Courts Now Consider Reasonable Needs in High-Income Support Cases

In high-income child support cases, the parent who is paying child support might feel the guidelines provide more income than the custodial parent can reasonably spend, particularly for an infant or toddler. On the other hand, the child support guidelines were enacted years ago to ensure that all children at a particular income level are treated the same, with predictable outcomes that encourage parents to settle out of court. The clash of these viewpoints came to a head recently, when the Pennsylvania Supreme Court reached its decision in Hanrahan v. Bakker, No. 19 MAP 2017 (June 19, 2018). The court vacated and remanded a child support award in which father was ordered to pay more than $52,000 per month.

In Hanrahan, the father of two children had an extraordinarily profitable year, earning more than $15 million in 2012. The children’s mother requested an increase in child support under the terms of a marriage settlement agreement that authorized an annual review. Notably, father and mother had equally shared physical custody of two minor children, rotating custody on a weekly basis. Father presented an analysis of his household expenditures for the children, and Mother’s budget. Each parent was spending approx. $2,000 per month for the children in his or her household.

The trial court applied the income-driven guidelines formula to arrive at a figure of more than $52,000 per month in child support. Faced with a vast discrepancy between the child support guideline and the children’s expenses, the trial court ordered $30,000 of the monthly child support to be deposited into an UTMA custodial account. Mother filed an appeal, raising three issues, and father also appealed on four issues.

In the Superior Court, father argued the child support statute, 23 Pa.C.S. § 4322(a), expressly requires that the Guidelines “shall be based upon the reasonable needs of the child.”  Father argued the trial court should have considered the mother’s household expenditures as a benchmark for deviating from the guideline, and as the third step in a special process for handling high-income child support cases. He argued the trial court exceeded its authority by ordering him to pay into a custodial fund not warranted by present needs or requested by either parent.

The Superior Court sided with mother, who argued reasonable needs are built into the child support guidelines; and recent amendments to the law prohibited the budgetary analysis that courts once performed in high income cases. Mother argued, and the Superior Court agreed, “reasonable needs” were not valid grounds to justify a downward deviation from the guidelines.

The Pennsylvania Supreme Court took up this case, one of the only family law issues to come before the court this year. The court began by reviewing the history of the child support guidelines, which were prompted by a federal mandate to streamline the determination and collection of child support. The guidelines were intended to create a rebuttable presumption that would eliminate a detailed analysis of each family’s expenditures.  In fact, soon after their enactment, the Supreme Court issued a decision holding that the child support guideline should not be viewed as a mere starting point for calculating child support. However, Judge Baer observed in his opinion, the guidelines are supported by valid economic data up to their $30,000 limit, but not beyond.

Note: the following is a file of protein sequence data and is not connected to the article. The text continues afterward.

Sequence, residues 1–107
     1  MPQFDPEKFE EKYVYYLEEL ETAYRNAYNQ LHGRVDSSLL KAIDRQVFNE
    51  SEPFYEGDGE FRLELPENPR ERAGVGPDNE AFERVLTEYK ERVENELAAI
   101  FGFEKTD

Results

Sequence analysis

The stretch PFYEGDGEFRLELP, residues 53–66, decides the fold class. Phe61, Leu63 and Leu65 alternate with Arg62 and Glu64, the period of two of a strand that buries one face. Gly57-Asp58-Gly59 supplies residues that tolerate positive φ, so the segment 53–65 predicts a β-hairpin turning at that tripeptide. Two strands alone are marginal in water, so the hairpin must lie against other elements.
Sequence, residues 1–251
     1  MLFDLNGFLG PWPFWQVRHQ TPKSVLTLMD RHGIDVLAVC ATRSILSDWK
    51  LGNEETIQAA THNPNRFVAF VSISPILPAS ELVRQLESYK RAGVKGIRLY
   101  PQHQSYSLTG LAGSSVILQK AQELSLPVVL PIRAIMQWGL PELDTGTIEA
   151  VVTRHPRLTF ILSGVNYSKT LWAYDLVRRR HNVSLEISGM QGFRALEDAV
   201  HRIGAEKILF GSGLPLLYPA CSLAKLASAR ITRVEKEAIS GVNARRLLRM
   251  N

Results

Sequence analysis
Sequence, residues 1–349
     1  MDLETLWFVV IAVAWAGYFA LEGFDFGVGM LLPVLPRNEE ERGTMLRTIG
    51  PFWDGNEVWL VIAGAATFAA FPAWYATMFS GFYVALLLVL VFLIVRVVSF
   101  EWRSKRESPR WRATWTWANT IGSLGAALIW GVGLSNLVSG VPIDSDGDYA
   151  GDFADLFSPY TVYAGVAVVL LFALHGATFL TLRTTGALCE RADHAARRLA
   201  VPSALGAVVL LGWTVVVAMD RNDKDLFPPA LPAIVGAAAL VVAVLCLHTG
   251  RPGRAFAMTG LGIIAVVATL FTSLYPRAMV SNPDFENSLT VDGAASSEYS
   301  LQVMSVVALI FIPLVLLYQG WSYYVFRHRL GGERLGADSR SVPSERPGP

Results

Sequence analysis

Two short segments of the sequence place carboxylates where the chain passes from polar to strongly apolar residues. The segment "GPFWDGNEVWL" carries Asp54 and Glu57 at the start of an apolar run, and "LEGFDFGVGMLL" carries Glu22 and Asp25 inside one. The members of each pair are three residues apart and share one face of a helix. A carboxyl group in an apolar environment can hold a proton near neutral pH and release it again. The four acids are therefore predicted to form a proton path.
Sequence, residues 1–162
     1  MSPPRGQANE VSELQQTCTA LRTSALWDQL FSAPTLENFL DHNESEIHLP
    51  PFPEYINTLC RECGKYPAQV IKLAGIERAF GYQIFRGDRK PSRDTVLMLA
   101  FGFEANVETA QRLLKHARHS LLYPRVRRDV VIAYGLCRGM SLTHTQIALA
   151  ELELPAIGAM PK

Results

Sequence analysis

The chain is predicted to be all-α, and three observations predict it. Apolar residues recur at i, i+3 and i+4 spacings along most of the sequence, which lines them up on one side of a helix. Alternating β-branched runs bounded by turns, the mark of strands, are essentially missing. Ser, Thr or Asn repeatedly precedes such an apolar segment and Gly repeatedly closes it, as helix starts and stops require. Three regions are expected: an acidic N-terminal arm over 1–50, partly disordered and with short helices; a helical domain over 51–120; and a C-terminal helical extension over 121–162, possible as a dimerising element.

Justice Baer dismissed the notion that the child support guidelines inherently account for the children’s reasonable needs at high-income levels, and that Rule 1910.16-5 precludes any consideration of reasonable needs in high-income cases. The court held the guidelines formula, which applies a fixed percentage at income levels above $30,000, could not inherently account for reasonable needs because it is not supported by valid statistical data. For this reason, the children’s budgetary expenses become more probative at high-income levels. The court held Factors 7 and 9 of the deviation criteria (Rule 1910.16-5) must authorize an examination of reasonable needs in a high-income case, as “it is one of the overarching criteria” under the child support statute.

The court took pains to distinguish high-income cases from routine child support cases, where reasonable needs are presumed to be met by the child support guidelines under the Income Shares model. When high-income cases depart sharply from the income limits of the economic data, as they did in Hanrahan, then a specific reasonable needs analysis becomes more probative. This might be the reason why parents are required to submit expense statements in high-income cases under Rule 1910.16-3.1, but not in routine cases.

The court acknowledged its decision might lead to inconsistent treatment of similarly situated high income families. Yet, the court directed the trial court to give “more weight” to the guidelines formula than to the parents’ budgets. It seems likely the formula will be given the most weight in cases that are just beyond the $30,000 threshold.

These complicated financial issues should be discussed with a team of experienced family law attorneys, especially those adept at high-income cases. Call Pollock Begg Komar Glasser & Vertz LLC at (412) 471-9000 or fill out our online contact form to review your particular case.

About the Author

Brian C. Vertz is a partner in Pollock Begg Komar Glasser & Vertz LLC with decades of experience in routine and complex child support, divorce and tax-related family law cases. Author of the legal reference book “Frumkes & Vertz on Divorce Taxation,” Brian is a sought-after speaker, course planner and the author of the 2017 Family Law Update for the Pennsylvania Bar Institute. Brian is a fellow of the International Academy of Family Lawyers as well as the American Academy of Matrimonial Lawyers.

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